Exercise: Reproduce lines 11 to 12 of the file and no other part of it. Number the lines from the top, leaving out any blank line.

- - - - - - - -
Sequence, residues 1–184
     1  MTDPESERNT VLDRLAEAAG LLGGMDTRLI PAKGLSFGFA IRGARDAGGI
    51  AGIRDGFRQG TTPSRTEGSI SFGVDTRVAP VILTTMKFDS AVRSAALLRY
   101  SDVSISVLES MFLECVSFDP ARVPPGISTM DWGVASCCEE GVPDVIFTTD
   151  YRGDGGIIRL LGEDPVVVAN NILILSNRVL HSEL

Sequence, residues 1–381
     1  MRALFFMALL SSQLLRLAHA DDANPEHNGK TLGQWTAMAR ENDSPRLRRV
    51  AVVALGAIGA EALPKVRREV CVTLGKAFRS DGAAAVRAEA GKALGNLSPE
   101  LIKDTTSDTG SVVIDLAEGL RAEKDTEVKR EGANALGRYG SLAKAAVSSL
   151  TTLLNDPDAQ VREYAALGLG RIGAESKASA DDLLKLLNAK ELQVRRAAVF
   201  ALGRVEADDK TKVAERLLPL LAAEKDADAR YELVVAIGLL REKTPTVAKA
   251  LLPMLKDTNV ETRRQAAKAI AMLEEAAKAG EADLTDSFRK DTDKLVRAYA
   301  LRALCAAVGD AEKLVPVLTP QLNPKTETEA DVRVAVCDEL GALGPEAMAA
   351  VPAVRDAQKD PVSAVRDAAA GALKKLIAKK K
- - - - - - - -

   201  ALGRVEADDK TKVAERLLPL LAAEKDADAR YELVVAIGLL REKTPTVAKA
   251  LLPMLKDTNV ETRRQAAKAI AMLEEAAKAG EADLTDSFRK DTDKLVRAYA